Thursday, 20 March 2014

Bugfix release GeoExt v2.0.1 is available

We are pleased to announce GeoExt 2.0.1, which is the first bugfix release of the GeoExt 2-series.

This release only fixes minor issues with 2.0.0. This is what is included:

  • Fix GeoExt.Version #201
  • Use theme-switcher in examples #202
  • Made GeoExt.LayerModel extendable #203
  • Refactor sliders #204 & #205
  • Testsuite enhancements #211 & #214
  • various minor bugfixes

All users of GeoExt 2 are encouraged to update to this version. Updating should be no problem and should not break your applications built on top of GeoExt 2.

Thanks to everyone who was involved in building this version.

Monday, 28 October 2013

extending GeoExt.data.LayerModel with extra fields

In Ext 4 the data package has changed quite a bit. What was called a Record in Ext 3, is now called a Model. Also, adding extra fields to an existing model requires a different approach.

In GeoExt 1 we were able to do things like:

  // create a layer record for this layer
  var Record = GeoExt.data.LayerRecord.create([
    {name: "name", type: "string"},
    {name: "source", type: "string"},
    {name: "group", type: "string"},
    {name: "fixed", type: "boolean"},
    {name: "selected", type: "boolean"},
    {name: "type", type: "string"},
    {name: "args"}

  ]);

  var data = {
    layer: layer,
    title: layer.name,
    name: config.name || layer.name,
    source: config.source,
    group: config.group,
    fixed: ("fixed" in config) ? config.fixed : false,
    selected: ("selected" in config) ? config.selected : false,
    type: config.type,
    args: config.args,
    properties: ("properties" in config) ? config.properties : undefined
  };
  record = new Record(data, layer.id);

However in GeoExt 2 this requires a different approach, and I ran into an issue in GeoExt 2 whilst doing this see this PR

Basically static properties and methods are not automatically inherited in Ext 4, we need to explicitly use inheritableStatics for them to get inherited. Also we need to make sure we don't use instance properties in the static method itself, but only static methods.

In GeoExt 2 all extra properties are read through the metadata object which is present on OpenLayers Layer instances. So we need to follow this approach for our custom fields as well, which leads to:

Ext.define('gxp.data.OLLayerModel',{
  extend: 'GeoExt.data.LayerModel',
  fields: [
     {name: "name", type: "string", mapping: 'metadata.name'},
     {name: "source", type: "string", mapping: 'metadata.source'},
     {name: "group", type: "string", mapping: 'metadata.group'},
     {name: "fixed", type: "boolean", mapping: 'metadata.fixed'},
     {name: "selected", type: "boolean", mapping: 'metadata.selected'},
     {name: "type", type: "string", mapping: 'metadata.type'}, 
     {name: "args", type: "array", mapping: 'metadata.args'},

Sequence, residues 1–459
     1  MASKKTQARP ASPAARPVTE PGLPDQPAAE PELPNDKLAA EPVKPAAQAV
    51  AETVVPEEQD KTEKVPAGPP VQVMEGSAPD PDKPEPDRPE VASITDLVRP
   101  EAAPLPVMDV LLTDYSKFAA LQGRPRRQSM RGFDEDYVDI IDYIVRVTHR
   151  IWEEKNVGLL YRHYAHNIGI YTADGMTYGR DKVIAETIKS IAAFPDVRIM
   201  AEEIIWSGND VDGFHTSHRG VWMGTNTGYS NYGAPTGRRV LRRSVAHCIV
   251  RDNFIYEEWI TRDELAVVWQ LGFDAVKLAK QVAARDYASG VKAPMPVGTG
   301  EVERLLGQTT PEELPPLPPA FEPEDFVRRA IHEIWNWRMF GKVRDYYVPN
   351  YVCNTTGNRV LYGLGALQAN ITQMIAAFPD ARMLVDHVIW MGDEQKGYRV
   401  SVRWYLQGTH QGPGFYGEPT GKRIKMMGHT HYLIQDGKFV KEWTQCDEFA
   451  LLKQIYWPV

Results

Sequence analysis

{name: "properties", type: "string", mapping: 'metadata.properties'}
  ]
});

Ext.apply(layer.metadata, {
  name: config.name || layer.name,
  source: config.source,
  group: config.group,
  fixed: ("fixed" in config) ? config.fixed : false,
  selected: ("selected" in config) ? config.selected : false,
  type: config.type,
  args: config.args,
  properties: ("properties" in config) ? config.properties : undefined
});
record = gxp.data.OLLayerModel.createFromLayer(layer);

Friday, 25 October 2013

Finally: GeoExt 2.0.0 released

Two weeks after the first release candidate, we are happy and proud to announce the release of GeoExt 2.0.0!

Download it at https://github.com/geoext/geoext2/releases/tag/v2.0.0

GeoExt 2.0.0 is the first official GeoExt version that is built atop of OpenLayers 2.13.1 and ExtJS 4.2.1.

Read more about this release over at github, download GeoExt 2.0.0, and use it in your OpenLayers 2.13.1 and Ext JS 4.2.1 powered webpage. Do so by telling the autoloading-mechanism of Ext about GeoExt:

Ext.Loader.setConfig({
  enabled: true,
  paths: {
    GeoExt: "path/to/geoext2/src",
    Ext: "path/to/extjs/src"
  }
});


We are looking forward to your feedback on this release.


Tuesday, 15 October 2013

Announcement: GeoExt 2.0.0-rc.1 released

The GeoExt community is proud to announce the first release candidate of GeoExt 2.0.0.

Download it at https://github.com/geoext/geoext2/releases/tag/2.0.0-rc.1

GeoExt 2.0.0-rc.1 is the first official GeoExt version that is built atop of OpenLayers 2.13.1 and ExtJS 4.2.1. It has been in the making for quite a while, but most of the code comes from a code sprint in Bonn, Germany, that happened last year.

The newest major version of GeoExt wants to provide mostly the same API you know and love from the 1.x-series. It comes with support for the autoloading-mechanism of ExtJS, support for the single-file build tool of Sencha and with an exhaustive documentation that is built using the same tools as ExtJS. There are two versions of the API-docs: one has only the GeoExt-classes, while the other also has the basic Ext-classes, from which properties and methods might be inherited.

This release wouldn't have been possible without the sponsors of the above mentioned sprint. Also we want to thank the companies behind the contributors of GeoExt for supporting GeoExt development in numerous ways.

We invite you to test the release candidate! To do so, download GeoExt 2.0.0-rc.1 from (see above) and use it in your OpenLayers 2.13.1 and Ext JS 4.2.1 powered webpage by telling the autoloading-mechanism of Ext about GeoExt:

    Ext.Loader.setConfig({
        enabled: true,
        paths: {
            GeoExt: "path/to/geoext2/src",